6. Scottie Biddle Monday, January 22, 2007

    As Much as I love Pages and can do a whole bunch with it, Word is what I’m used to. As a recent switcher I can see that Pages is aimed at presentation and Word is focused on th material you’re typing. Also, the Mac version of Word is much better than Office 2003, even in Rosetta. For school, all formatting instructions are given for Word. I really ahte when people say “A Mac? You can’t do anything on a Mac!” or like my music teacher “Apple sucks!” (I was explaning the GarageBand had notation capability). I cannot wait for Office 2008 and Universal Office!

  7. I don’t know about you guys but for me the UI is so glassy that I would have to weare sunglasses using it…
    You know, they take the cherry on the top and think that by putting it all over the cake, they would make it better.

  8. I really like having the New and Save icons on my Word toolbar– and use them all the time!

    I often have several document open at a time– and will create a New one and use text from the others–real multi-tasking. And the Save icon is a snap– and faster than menu hunting.

    Just downloaded NeoOffice’s latest. Have they solved the slow start up time? It really took forever in earlier versions. There were some other features that were clunky. I guess I’ll find out soon enough what improvements have been made.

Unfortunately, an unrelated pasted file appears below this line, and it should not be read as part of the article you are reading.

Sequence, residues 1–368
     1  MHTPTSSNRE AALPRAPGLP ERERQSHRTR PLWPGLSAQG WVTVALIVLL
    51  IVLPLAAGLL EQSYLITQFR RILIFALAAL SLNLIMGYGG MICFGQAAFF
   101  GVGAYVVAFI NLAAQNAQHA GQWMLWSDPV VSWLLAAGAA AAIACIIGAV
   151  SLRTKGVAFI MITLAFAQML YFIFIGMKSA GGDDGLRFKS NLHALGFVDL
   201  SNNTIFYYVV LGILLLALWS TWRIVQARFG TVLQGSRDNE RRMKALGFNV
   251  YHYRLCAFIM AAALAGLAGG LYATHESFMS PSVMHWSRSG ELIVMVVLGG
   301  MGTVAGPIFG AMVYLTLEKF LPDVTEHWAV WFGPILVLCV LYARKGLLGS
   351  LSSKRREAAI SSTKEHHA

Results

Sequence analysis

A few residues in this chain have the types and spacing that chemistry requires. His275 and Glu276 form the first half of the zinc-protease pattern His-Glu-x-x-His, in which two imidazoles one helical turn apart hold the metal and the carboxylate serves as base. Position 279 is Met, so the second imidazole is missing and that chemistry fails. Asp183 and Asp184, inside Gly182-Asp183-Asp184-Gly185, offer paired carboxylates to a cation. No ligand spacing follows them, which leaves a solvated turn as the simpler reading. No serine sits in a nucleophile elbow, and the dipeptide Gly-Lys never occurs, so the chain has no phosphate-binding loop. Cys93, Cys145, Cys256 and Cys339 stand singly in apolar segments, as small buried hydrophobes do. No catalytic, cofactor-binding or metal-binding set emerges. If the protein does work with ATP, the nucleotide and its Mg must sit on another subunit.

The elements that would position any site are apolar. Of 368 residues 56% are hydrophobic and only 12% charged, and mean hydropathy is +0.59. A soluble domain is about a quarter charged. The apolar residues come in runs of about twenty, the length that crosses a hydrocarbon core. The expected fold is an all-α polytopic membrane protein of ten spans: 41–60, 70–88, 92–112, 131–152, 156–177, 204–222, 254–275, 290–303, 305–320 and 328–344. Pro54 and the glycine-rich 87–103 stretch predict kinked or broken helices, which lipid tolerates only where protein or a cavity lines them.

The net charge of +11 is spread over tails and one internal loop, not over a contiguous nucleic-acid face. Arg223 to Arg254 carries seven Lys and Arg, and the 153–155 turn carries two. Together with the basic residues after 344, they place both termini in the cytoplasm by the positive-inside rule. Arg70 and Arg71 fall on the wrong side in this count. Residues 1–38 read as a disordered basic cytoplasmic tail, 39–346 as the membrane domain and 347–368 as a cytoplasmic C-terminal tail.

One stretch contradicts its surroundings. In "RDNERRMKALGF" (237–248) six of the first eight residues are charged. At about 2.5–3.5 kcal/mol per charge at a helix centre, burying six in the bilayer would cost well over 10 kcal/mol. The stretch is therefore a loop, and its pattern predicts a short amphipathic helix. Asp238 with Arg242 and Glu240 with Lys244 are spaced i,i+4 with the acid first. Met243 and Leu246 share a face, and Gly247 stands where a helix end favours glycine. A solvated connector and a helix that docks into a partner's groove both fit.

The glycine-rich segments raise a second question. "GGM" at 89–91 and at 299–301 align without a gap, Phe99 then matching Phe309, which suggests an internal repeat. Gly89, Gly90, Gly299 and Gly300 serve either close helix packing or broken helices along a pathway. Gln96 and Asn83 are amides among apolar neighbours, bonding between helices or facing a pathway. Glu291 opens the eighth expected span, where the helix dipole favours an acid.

9. It’s nice to hear that iWork holds such a coveted place in the hearts of many of you. Since I’m in medicine, the creative aspect of iWork unfortunately doesn’t effect much of what I do.

    I think the devil may be in the details for M$ Office. If Office 2008 isn’t backward compatible and efficient in converting older file types, it may just end up being a disaster.

    I haven’t used NeoOffice in a while either, mostly due to the slow load times.

  10. As a professional Macintosh/Microsoft Engineer, I have had many years of installing, using and maintaining both Microsoft and Apple products. The key here is productivity. Here iWork reigns supreme. I use it 95% of the time myself. If you need to open or edit a Word document, use TextEdit – it can open, edit and save Word docs and is more compatible than any version of Word itself!